The city’s permitting process and regulations make it hard to do business, the conservatives charge. “We need to change the sign to say the city is open for business,” Morgan said. Coolidge echoed him, saying “we must treat businesses like customers.”

Schindelbeck goes further, saying the city should attract businesses by offering them financial incentives—waiving environmental or development fees, or at least deferring them until the businesses get on their feet.

The conservatives had few good things to say about the city’s sustainability efforts, suggesting that in pursuing a green agenda the council was again taking its eye of the economic-development ball. Ditto the public-arts program and its director, whose salary could be better used to fund a police officer.

The progressives have a more holistic view of economic development. They believe that the economy can’t be approached separately from all the other services the city provides. The best economic-development plan in the world couldn’t make up for a lack of parks, poor schools and a shortage of cultural and recreational activities when it comes to attracting businesses, they say.

They see the city’s efforts to decrease energy use and foster sustainability, and its emphasis on such amenities as the arts, bike paths, parks and cultural diversity as business attractants, not distractions.

Besides, they argue, the city has not ignored economic development. Schwab cites its consistent effort to improve the city’s infrastructure—now hampered by the loss of redevelopment funds—as well as the council’s recent passage of an economic-development action plan. She mentions her regular meetings with the Mayor’s Business Advisory Committee, the city’s work with such business-development groups as 3CORE, the Center for Economic Development and Innovate North State, and the recent update of the city’s general plan as contributing to economic development.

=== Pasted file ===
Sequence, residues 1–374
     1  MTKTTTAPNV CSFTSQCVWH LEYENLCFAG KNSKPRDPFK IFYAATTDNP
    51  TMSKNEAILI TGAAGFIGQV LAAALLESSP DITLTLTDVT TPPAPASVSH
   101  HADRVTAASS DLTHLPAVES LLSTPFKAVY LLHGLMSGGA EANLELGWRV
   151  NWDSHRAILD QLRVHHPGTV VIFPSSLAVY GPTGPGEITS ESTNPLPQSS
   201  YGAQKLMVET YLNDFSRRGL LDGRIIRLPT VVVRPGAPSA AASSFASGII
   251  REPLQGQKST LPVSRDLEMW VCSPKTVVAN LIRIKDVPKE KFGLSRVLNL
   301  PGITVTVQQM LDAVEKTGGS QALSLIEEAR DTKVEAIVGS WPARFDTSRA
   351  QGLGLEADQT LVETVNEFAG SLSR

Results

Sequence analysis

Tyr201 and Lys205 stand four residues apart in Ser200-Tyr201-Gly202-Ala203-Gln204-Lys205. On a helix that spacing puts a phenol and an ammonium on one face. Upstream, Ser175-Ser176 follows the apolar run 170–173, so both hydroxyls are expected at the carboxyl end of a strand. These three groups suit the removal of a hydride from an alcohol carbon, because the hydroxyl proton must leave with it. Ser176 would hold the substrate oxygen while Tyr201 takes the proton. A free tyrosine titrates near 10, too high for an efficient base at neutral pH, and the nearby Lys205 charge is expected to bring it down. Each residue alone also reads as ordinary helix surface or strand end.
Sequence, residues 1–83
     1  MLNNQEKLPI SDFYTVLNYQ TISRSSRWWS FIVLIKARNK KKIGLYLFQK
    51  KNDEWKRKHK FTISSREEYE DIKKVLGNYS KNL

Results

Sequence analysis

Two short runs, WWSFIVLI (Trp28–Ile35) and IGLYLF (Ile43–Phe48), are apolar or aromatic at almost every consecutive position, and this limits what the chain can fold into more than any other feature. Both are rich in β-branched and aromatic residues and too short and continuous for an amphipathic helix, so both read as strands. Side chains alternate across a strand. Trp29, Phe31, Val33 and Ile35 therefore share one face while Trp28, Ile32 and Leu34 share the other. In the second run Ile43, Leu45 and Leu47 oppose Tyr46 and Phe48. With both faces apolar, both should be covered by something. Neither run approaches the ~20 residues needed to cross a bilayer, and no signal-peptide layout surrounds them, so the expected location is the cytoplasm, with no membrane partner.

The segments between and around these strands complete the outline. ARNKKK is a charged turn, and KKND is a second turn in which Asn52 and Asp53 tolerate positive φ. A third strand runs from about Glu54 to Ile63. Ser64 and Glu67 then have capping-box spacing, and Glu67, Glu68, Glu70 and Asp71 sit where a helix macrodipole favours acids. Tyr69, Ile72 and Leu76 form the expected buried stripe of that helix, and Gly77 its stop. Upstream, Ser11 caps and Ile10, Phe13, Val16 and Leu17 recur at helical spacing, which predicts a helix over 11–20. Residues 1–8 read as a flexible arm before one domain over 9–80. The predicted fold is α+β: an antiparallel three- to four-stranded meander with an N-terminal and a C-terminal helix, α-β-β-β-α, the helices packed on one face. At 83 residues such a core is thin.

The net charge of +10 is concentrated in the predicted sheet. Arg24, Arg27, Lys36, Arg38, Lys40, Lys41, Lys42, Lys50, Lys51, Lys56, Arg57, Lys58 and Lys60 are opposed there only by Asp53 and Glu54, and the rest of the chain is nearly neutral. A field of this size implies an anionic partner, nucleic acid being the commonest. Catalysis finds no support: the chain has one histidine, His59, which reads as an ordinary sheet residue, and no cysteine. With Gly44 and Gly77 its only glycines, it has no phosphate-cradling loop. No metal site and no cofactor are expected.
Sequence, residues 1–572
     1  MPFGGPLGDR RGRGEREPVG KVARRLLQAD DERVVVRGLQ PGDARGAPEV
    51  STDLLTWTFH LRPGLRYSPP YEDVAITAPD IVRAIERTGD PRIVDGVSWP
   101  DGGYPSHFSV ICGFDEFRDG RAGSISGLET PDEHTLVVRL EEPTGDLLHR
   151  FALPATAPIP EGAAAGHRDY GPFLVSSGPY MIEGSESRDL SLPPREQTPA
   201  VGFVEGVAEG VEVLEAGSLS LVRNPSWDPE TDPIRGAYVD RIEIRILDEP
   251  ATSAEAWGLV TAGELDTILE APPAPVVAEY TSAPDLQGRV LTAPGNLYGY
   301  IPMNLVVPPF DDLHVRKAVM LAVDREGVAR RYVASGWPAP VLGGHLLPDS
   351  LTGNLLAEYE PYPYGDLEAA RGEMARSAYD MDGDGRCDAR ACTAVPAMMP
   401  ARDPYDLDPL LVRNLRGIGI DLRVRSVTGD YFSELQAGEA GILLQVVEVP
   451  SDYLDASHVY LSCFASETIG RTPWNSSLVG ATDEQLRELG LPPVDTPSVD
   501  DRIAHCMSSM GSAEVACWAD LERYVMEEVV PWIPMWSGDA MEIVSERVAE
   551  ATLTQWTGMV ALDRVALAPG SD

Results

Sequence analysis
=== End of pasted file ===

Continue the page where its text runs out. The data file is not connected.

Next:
On the issue of police and fire staffing, the progressives agree that restoring both departments to full strength should be a high priority, but they generally aren’t as willing to cut other city services as are their opponents.

And they too want to restore the reserves, but they know that will happen when the state economy improves, as it seems to be doing. The current council’s use of emergency reserves to balance the budget has been appropriate, they believe, because since the onset of the recession the city has been in an emergency situation, one compounded by the state’s appropriation of redevelopment and vehicle-license-fee revenues to help balance its budget. As it is, they point out, the city still has nearly $6 million in that reserve fund, half of the ideal amount of $12 million.

Dave Kelley has carefully positioned himself as the lone “moderate” in the race by refusing to take consistent—or, one might say, rigid—ideological positions. He tries to make “independent decisions,” he says. He cites his stint on the city Planning Commission, which includes three years as its chairman, his chairmanship of the General Plan Task Force, and his work as an architect as giving him the experience a successful council member should have.

Lisa Duarte has become the “mystery candidate” in this race. A promotion at work made her unable to attend candidate forums before this week, she explained in a phone interview. Also, her sample ballot statement, which she dug into savings to pay for, somehow failed to be included in the printed version.

She said she’s running because she wants to help people and make a difference in the community, and “how better than to be on the City Council?” She favors more funding for public safety, protecting the parks, programs for kids and “healthy human-pet relations.”

Asked what her qualifications are, she replied, “Mostly life, you know, balancing my own budget.” Duarte has raised no money and doesn’t intend to do so.

That makes her unique in the race, in which, as of Sept. 30, several candidates had raised more than $20,000. Four of the top five are conservatives: Morgan ($28,121), Evans ($26,665), Coolidge ($23,285) and Schindelbeck ($17,917).

The only progressive in the top five is Schwab, who raised $22,942. She is followed by Ritter ($13,811), Stone ($9,437) and Rudisill ($4,454).

Donnan, the remaining conservative, raised $5,065, while Kelley raised $7,321.

An examination of campaign reporting statements shows that in general the conservative candidates, with the exception of Donnan, received fewer but significantly larger donations than their liberal opponents. Donations to the progressives and Kelley, in contrast, tended to be more numerous but smaller in amount.